Arrested: Defendants Rights at Arrest

Although often used as a collective term, being placed "under arrest" is a specific legal situation where an individual is no longer legally able to walk away from law enforcement, which often is well before being processed into incarceration. To make an arrest, law enforcement must have probable cause determining that you have committed a crime, which allows them to take you into their custody. Sometimes, a person can be charged with a crime and not placed under arrest, which is termed a citation. Common citations include traffic offenses among other items. Even if an arrest is determined lacking in probable cause later, persons in custody cannot resist the arresting officer, nor are they guaranteed absolution from charges stemming from the initially illegal arrest.

What Is An Arrest Warrant?

An arrest warrant is an official document approved by a judge or magistrate, which authorizes law enforcement to take a given person into custody. In most cases, the arrest warrant must contain the suspect's name, the crimes they stand accused of, and other restrictions on where and how this suspect can be detained.

For law enforcement to obtain an arrest warrant, they must present evidence under oath or affidavit to a judge or magistrate that clearly states a crime occurred and the person mentioned in the arrest warrant was in some way responsible for this crime. In the arrest warrant, certain details and information connecting the person being arrested to the crimes in question must be made available to both the issuing court official, as well as the suspect at the time of their arrest.

Can Law Enforcement Make Warrantless Arrests?

Typically, there are only two circumstances where an officer can make a warrantless arrest, which include:

  • If an officer is present when a crime is committed, a warrantless arrest may occur
  • If an officer has probable cause to believe a given suspect perpetrated a felony, either in or outside of the officer's presence

Other situations, known as "exigent circumstances" allow an officer to make an arrest if they believe a suspect to be an immediate threat to themselves, the officer, or other civilians. Also, if an officer is in active pursuit of a suspect, warrantless entry and warrantless arrests can occur until the pursuit and factors surrounding the pursuit are determined.

Illegal and Justified Use of Force during Arrests

First, an officer apprehending a suspect typically must follow a procedure known as "knock and notice", which makes police announce their presence, give occupants time to come to the door, and prevents law enforcement from barging into your home unnecessarily. However, "knock and notice" procedures can be ignored for different reasons, including:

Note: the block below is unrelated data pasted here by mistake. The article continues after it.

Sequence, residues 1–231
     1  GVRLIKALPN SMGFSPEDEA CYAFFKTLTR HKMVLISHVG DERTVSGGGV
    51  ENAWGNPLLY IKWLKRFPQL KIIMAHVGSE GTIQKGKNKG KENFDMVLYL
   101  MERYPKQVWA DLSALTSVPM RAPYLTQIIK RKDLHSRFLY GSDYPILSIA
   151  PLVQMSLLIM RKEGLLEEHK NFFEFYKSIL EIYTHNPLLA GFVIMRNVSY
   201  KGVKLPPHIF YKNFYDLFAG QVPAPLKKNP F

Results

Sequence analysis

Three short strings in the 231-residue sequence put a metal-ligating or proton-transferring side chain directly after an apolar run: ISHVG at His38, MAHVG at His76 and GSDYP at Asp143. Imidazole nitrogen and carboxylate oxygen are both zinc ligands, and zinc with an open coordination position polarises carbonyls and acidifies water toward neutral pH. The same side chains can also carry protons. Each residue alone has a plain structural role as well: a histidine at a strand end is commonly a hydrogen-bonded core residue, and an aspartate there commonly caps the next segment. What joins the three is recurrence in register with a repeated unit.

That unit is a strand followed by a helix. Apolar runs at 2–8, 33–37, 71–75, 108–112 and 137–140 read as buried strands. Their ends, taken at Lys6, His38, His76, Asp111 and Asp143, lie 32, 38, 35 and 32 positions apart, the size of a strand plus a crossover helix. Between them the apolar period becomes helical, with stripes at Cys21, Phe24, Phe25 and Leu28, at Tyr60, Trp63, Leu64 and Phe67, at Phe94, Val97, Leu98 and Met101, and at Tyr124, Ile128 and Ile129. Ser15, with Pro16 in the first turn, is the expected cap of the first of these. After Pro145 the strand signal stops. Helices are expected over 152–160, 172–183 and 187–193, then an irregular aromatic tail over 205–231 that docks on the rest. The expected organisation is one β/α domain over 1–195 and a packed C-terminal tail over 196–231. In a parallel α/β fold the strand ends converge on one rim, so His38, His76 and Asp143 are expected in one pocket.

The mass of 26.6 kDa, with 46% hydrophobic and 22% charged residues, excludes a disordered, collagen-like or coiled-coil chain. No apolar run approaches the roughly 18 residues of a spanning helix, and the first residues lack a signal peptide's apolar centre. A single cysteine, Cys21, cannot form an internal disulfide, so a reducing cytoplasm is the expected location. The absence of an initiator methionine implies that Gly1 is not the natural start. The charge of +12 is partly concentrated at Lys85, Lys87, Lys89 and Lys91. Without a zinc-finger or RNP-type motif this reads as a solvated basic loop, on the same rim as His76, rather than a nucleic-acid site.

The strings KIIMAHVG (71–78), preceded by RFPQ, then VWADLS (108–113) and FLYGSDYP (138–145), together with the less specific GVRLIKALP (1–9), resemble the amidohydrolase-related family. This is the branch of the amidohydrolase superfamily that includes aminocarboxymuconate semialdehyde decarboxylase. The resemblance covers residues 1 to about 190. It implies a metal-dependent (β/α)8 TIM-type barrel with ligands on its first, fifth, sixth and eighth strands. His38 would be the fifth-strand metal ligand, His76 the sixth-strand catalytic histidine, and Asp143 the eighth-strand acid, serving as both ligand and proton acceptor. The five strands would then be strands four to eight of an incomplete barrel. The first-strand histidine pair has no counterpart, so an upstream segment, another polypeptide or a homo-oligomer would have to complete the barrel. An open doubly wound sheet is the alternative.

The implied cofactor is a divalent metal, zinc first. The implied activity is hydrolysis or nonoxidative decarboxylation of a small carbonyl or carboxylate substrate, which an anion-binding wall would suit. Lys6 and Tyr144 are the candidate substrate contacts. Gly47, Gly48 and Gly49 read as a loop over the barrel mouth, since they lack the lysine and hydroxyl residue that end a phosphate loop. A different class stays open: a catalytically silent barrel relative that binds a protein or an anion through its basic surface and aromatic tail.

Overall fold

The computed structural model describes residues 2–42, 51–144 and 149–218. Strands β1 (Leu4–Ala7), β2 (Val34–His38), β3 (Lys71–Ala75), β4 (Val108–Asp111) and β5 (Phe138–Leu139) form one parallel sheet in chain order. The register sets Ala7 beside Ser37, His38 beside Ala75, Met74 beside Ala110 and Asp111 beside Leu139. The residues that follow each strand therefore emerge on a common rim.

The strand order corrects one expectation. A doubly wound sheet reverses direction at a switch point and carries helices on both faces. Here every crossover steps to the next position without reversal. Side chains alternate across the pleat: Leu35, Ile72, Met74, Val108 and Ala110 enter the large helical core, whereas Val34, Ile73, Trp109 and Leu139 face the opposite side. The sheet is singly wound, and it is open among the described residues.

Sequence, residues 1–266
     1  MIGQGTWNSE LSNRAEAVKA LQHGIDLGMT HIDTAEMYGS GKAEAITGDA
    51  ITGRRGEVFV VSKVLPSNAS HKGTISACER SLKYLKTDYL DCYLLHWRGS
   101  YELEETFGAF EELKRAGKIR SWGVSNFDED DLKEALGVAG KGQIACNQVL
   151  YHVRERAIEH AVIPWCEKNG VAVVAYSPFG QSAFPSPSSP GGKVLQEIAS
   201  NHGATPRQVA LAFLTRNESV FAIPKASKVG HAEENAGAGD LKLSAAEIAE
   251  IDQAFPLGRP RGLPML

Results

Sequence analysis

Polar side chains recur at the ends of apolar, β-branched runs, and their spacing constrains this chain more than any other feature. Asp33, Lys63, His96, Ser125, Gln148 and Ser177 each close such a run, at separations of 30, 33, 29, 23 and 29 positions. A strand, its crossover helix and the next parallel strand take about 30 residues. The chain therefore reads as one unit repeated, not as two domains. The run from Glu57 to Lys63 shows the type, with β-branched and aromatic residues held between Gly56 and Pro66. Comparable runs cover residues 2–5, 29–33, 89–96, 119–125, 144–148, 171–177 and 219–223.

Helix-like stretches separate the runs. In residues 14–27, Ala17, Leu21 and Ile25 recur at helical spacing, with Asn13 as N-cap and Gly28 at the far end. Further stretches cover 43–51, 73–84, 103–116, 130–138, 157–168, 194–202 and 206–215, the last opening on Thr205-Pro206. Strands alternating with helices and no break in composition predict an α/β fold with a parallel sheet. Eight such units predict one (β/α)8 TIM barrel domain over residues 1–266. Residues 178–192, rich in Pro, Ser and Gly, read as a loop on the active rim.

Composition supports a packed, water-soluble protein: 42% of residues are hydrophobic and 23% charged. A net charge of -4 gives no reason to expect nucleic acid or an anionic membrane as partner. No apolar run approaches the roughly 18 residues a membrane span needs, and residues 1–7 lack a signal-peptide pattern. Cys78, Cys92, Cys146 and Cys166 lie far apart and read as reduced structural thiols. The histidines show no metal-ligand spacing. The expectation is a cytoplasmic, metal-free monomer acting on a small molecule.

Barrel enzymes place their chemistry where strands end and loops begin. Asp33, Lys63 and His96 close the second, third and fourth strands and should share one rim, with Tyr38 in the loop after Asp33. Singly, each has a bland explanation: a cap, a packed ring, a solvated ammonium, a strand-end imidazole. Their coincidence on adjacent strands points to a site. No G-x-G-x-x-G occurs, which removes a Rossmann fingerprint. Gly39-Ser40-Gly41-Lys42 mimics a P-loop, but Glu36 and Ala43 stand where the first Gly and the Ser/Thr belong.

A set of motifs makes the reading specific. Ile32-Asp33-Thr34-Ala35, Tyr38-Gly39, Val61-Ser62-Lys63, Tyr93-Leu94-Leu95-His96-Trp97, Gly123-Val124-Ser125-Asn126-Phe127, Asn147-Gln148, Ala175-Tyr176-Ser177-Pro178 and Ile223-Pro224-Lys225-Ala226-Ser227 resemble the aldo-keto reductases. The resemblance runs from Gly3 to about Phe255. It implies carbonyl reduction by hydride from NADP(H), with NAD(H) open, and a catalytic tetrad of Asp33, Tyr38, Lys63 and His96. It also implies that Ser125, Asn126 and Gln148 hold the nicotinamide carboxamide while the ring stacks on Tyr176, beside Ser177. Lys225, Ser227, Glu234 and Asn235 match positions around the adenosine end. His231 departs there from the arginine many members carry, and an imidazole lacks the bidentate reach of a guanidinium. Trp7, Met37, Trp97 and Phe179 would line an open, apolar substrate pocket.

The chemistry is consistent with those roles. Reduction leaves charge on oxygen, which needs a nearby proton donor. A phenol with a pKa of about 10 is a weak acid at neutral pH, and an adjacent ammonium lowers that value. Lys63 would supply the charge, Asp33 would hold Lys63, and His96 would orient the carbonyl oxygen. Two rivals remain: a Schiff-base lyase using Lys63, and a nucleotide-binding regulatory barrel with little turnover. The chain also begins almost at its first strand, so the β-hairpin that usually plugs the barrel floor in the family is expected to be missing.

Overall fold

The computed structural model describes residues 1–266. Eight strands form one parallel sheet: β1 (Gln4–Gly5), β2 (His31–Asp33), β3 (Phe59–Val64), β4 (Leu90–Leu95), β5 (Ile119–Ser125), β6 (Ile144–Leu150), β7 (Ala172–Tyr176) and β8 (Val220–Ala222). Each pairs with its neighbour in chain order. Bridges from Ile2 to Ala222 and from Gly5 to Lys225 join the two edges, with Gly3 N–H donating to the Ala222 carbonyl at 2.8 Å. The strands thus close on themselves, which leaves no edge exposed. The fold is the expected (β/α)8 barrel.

• Eminent danger to persons inside a dwelling
  • Active or hot pursuit of suspect
  • Believe that announcing presence could afford suspect time to destroy evidence
  • Believe that announcing will put officers' safety in danger due to resistance of arrest

The amount of force an officer is allowed to legally use during an arrest is generally determined by the amount of resistance a suspect offers. The courts determine if force used was "excessive" or "use of unnecessary force". However, depending on the situation, an officer has several non-lethal and lethal choices to protect him or herself and complete an arrest. Generally, law enforcement can only use lethal force if a suspect points a weapon at officers, is about to commit a violent felony, or threatens the safety of third parties. For many cases, being in a car chase immediately endangers the safety of officers and third parties; therefore, use of lethal force is permissible.

How to Make a Citizens Arrest

Your best bet is to not. Realistically though, almost every state provides citizens the right to make an arrest if they personally see the commission of a crime, or have probable cause to believe a suspect committed a felony. However, detaining your "suspect" might actually be considered false imprisonment or even kidnapping if you violate someone's legal rights in the process. That is just the criminal liability you may endure. In addition, there is the question of civil liability you may incur from detaining your "suspect". Some states, however, have specific laws allowing individuals to protect their "domain" or home and property with lethal force. In addition, if any individual threatens your safety, you can use lethal force to prevent this from happening. Making a citizen's arrest of a person that threatened your safety would be hard to prove however, if you managed to gain full control and custody of that person. Typically, the courts look extremely harshly at citizen arrests and are not too thrilled about individuals actively exercising these rights.

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